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  • Writer's pictureMelo Acuna

Calls for respect for human rights and provision of humanitarian access made

International agencies call on the Taliban to provide humanitarian access and safety of Afghan citizens

MANILA – The Geneva-based International Organization for Migration (IOM) expressed great concern as developments unfold in Afghanistan as well as the possible grave consequences for displaced people and civilians in need of humanitarian assistance, in a country that has severely suffered from years of conflict, drought and strife.

“While the current situation presents difficult challenges, IOM will strive to continue its programs and provide assistance to displaced communities while ensuring the safety and wellbeing of its staff across the country,” said IOM Director General Antónìo Vitorino.

He added the security of humanitarian actors, and respect for humanitarian principles, are prerequisites for a continued and effective response to the needs of vulnerable people, and assurances by all parties involved must be provided.

About 400,000 people have been displaced at the onset of the year due to the ongoing violence. More than 5 million are internally displaced and reliant on humanitarian act.

He added the safety and protection of civilians remains the number one priority and appeals to all parties to ensure unhampered access for all humanitarian actors extending relief and assistance to affected sectors of society.

Because of the instability and recent security concerns in Kabul, movement to and from the country has been impeded thereby affecting IOM operations.

The IOM’s Assisted Voluntary Return and Reintegration (AVRR) Programme, and the post arrival integration assistance to returnees, have been suspended as of today.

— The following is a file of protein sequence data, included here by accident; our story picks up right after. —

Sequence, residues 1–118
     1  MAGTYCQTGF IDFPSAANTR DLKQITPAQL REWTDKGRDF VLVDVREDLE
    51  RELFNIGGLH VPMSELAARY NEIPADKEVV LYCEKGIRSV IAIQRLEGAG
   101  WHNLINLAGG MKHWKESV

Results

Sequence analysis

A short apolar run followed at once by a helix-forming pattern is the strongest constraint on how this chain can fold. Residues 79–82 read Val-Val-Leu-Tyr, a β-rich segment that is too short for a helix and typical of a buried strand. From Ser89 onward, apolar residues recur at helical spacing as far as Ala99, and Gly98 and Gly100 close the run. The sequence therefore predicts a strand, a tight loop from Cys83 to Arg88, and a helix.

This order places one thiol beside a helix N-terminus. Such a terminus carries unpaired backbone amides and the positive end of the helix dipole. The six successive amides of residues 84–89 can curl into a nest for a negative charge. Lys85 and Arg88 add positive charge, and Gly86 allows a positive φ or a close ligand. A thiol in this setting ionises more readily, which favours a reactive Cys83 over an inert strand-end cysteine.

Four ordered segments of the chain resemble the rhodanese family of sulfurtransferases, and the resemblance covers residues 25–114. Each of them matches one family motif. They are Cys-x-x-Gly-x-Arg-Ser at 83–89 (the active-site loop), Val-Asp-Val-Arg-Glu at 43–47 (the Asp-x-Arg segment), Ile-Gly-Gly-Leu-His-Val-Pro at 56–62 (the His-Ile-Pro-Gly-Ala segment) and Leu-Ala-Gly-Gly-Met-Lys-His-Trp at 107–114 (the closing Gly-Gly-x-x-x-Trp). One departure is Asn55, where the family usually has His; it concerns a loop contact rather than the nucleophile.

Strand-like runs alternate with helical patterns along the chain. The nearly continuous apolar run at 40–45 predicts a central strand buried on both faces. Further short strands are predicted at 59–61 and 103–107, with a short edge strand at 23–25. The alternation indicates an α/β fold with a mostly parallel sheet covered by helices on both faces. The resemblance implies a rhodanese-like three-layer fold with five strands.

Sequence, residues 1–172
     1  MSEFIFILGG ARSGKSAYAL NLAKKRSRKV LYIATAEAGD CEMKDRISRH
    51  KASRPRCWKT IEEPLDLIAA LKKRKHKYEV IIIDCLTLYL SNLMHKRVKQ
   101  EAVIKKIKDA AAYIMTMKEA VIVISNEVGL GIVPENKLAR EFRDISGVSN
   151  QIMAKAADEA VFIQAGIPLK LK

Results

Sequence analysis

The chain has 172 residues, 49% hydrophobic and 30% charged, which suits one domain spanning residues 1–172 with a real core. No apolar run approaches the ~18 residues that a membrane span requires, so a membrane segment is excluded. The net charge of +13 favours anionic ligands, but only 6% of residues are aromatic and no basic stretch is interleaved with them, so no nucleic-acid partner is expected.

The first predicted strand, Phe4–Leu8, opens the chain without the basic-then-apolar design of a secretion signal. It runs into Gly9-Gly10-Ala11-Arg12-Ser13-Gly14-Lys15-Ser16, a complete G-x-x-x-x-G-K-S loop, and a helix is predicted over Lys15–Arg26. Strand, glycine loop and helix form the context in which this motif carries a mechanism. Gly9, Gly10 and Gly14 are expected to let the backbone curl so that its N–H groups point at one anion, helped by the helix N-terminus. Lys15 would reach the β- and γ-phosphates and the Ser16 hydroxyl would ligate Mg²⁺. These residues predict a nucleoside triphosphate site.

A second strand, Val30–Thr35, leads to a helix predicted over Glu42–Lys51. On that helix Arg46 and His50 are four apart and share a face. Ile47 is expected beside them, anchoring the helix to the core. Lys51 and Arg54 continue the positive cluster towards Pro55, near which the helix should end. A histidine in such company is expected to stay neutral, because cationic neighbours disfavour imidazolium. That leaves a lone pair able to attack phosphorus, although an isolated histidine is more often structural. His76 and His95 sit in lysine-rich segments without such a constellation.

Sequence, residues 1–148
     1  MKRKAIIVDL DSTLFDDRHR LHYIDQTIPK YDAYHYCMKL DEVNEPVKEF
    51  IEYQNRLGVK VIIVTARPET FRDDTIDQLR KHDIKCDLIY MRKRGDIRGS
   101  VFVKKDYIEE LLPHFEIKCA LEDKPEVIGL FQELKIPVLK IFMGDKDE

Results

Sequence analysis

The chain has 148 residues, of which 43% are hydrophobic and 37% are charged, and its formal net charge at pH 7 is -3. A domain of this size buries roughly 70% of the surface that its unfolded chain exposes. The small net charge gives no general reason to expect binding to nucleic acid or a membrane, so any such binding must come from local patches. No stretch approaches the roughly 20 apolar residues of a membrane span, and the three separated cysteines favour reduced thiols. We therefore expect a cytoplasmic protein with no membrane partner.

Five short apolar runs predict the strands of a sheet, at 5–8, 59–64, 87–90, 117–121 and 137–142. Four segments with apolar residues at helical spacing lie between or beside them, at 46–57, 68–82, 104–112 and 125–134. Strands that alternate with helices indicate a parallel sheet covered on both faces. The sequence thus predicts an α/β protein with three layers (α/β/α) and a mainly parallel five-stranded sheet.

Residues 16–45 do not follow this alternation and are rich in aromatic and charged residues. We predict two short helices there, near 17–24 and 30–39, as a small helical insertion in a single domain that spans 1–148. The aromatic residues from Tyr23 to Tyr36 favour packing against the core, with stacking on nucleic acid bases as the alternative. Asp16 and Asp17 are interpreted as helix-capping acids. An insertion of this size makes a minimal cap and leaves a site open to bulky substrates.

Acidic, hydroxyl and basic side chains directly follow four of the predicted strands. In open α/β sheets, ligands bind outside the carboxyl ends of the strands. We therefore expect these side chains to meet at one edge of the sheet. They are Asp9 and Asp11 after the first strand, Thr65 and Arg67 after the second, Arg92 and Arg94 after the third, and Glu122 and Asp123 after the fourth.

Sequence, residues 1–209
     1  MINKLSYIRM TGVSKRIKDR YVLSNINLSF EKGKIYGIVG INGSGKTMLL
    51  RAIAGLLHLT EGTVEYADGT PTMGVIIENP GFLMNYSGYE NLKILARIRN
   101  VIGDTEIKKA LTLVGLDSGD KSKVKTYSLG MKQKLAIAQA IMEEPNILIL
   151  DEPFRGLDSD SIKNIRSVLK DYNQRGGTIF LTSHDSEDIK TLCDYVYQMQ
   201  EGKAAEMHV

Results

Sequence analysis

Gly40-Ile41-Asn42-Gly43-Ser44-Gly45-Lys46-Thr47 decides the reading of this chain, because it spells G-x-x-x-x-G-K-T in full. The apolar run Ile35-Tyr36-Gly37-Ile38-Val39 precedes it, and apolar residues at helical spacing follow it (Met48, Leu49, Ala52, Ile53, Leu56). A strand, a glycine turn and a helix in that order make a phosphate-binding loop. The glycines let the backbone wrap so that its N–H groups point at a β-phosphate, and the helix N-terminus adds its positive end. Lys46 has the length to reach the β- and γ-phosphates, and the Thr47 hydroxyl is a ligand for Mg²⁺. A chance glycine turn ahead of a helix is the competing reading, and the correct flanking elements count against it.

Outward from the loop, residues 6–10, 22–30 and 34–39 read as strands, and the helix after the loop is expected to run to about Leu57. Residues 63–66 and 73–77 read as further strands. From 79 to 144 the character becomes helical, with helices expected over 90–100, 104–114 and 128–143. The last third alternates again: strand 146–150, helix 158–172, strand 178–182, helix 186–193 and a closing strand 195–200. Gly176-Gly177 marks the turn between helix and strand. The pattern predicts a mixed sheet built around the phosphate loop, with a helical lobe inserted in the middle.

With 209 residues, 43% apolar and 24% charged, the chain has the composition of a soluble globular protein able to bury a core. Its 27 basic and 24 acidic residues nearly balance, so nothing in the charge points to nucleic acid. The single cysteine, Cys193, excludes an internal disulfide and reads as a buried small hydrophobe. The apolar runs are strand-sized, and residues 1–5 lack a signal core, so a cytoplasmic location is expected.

The IOM commends the decisions by several States to halt forced returns to Afghanistan and calls for wider adoption of the moratorium.

“Ensuring the safety of civilians is paramount and should be a priority for all concerned. IOM urges all parties to continue efforts to maintain dialogue and work towards a peaceful resolution of the situation, ‘prioritizing’ the welfare of the Afghan people,” the IOM statement said.

The IOM said they echo the call made by United Nations Secretary-General Antonío Guterres for an immediate end to vi9olence and the protection of the rights of civilians.

Meanwhile, the International Committee of the Red Cross said they are relieved to see Kabul avoiding devastating urban warfare.

However, they expressed concern of the thousands of civilians either wounded and or displaced in the fighting in other urban areas.

“The ICRC is determined to stand by the Afghan people and help men, women and children cope with the unfolding situation,” the ICRC statement said.

The international humanitarian organization said Afghanistan is in the idle of a transition that is “difficult” for the Afghans, and the ICRC to predict the outcome.

The ICRC reported more than 7,600 patients wounded by weapons since August 1. They have been treated at the ICRC-supported facilities around the country. More than 40,000 people have been wounded by weapons were treated at their ICRC-supported facilities from June to August this year.

“Our medical teams and physical rehabilitation centers expect to receive patients for months and years to come as they recover from wounds from explosive devices that litter the country, many of them newly laid in recent weeks. It is heartbreaking to see our wards filled with children and young men and women who have lost limbs,” the ICRC statement revealed.

They admitted having a funding shortfall of 30 million Swiss francs or US$33 million, out of a budget of about 79 million Swiss francs or US$86 million. (Melo M. Acuña)

Afghani residents in file photo. (IOM photo)

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